Sickle cell disease cured in mouse model

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Gene therapy achieves breakthrough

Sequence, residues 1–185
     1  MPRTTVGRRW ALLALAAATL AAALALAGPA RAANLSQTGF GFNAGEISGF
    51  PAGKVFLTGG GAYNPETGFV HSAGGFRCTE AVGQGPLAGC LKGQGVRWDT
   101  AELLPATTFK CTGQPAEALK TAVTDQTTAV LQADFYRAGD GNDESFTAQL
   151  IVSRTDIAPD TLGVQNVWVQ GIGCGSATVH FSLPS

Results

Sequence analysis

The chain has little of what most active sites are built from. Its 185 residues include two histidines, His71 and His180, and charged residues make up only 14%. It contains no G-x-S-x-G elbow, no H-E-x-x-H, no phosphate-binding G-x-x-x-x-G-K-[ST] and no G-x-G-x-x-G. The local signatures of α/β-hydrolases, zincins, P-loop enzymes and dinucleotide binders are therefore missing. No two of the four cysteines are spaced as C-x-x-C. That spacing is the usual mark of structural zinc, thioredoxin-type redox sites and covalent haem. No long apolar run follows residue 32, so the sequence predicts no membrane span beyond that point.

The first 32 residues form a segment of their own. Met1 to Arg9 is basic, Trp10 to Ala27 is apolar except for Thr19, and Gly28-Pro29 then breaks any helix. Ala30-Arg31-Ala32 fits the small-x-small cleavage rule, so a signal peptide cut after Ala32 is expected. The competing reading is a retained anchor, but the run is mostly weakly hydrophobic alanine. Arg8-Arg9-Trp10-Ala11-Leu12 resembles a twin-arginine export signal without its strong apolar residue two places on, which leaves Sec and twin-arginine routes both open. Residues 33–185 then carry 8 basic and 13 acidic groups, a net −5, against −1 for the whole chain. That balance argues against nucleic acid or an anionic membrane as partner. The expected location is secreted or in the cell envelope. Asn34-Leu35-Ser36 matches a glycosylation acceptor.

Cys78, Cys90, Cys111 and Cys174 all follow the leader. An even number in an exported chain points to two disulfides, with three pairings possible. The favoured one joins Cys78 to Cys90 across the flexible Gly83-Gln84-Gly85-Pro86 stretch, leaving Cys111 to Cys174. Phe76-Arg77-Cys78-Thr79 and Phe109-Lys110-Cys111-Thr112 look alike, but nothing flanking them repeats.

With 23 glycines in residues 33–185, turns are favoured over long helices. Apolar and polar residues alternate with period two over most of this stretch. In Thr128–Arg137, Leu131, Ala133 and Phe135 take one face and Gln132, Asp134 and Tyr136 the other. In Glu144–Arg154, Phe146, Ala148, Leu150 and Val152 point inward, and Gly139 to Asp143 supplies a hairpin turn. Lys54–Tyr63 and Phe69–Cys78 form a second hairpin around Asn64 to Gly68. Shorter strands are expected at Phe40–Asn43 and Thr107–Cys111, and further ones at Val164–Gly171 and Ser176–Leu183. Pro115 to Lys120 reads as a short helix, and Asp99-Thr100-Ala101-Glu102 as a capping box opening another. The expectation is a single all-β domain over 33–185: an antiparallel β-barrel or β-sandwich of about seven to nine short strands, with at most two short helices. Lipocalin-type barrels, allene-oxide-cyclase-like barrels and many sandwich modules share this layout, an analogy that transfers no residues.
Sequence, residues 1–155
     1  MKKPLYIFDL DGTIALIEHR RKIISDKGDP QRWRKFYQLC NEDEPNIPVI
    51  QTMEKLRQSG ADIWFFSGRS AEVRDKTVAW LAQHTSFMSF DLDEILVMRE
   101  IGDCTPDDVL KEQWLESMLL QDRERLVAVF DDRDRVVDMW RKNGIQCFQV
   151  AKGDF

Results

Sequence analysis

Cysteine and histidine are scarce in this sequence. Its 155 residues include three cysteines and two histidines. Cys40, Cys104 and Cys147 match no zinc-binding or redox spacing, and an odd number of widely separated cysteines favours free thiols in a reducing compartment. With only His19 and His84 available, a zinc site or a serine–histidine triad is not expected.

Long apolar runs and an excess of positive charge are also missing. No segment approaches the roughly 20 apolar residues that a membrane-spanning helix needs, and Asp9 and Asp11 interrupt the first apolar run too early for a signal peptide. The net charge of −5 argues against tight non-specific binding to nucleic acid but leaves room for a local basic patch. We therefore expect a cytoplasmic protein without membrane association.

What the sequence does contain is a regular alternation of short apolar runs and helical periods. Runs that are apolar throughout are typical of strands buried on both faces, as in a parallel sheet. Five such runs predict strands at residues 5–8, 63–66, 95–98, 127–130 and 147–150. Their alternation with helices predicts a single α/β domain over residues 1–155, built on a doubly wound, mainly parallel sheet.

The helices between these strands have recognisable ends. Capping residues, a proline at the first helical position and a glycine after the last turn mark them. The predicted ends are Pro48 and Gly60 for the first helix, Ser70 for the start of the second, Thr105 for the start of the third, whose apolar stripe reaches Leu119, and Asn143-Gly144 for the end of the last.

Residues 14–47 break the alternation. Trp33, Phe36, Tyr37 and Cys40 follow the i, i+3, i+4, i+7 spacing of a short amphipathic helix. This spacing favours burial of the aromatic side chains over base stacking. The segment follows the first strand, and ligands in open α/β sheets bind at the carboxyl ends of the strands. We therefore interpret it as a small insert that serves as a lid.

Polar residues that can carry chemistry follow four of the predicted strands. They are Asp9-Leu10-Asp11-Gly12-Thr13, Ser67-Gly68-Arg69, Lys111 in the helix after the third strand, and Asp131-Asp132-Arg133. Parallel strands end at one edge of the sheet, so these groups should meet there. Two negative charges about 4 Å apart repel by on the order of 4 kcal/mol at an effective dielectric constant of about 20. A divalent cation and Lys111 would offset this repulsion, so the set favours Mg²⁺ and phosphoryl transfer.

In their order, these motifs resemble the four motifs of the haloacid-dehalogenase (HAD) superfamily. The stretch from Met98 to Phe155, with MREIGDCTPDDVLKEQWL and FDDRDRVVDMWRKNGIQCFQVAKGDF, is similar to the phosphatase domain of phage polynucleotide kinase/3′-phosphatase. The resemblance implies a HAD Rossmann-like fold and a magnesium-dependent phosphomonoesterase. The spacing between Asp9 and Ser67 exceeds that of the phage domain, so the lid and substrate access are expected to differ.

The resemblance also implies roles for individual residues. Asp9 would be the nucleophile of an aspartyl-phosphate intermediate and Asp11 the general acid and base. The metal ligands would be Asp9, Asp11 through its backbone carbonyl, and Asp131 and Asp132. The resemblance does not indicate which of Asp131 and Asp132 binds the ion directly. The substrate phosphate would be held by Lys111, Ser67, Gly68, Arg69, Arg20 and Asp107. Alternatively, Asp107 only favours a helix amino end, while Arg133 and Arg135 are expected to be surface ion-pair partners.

Sickle cell disease is a blood disorder caused by a single mutation in the beta-globin gene that results in the substitution of one amino acid. This small error is enough to change the properties of the protein: when “sickled,” the blood’s hemoglobin dumps its oxygen in tissues, and it tends to stick to itself. This makes red blood cells abnormally rigid, adhesive, and distorted into the hallmark sickle shapes that characterize the disease. Now, Harvard Medical School researchers have used a gene therapy to cure sickle cell disease in a mouse model. The achievement, announced in the Dec. 14, 2001, issue of the journal Science, marks a breakthrough in what initially seemed like a simple task: to cure a rather straightforward genetic defect by introducing a new gene into the stem cells of bone marrow. The effort proved more arduous than expected, forcing scientists to confront the complexities of stem cell biology, virology, gene expression, and protein biochemistry. The research team was led by Philippe Leboulch, Harvard Medical School assistant professor of medicine at Brigham and Women’s Hospital.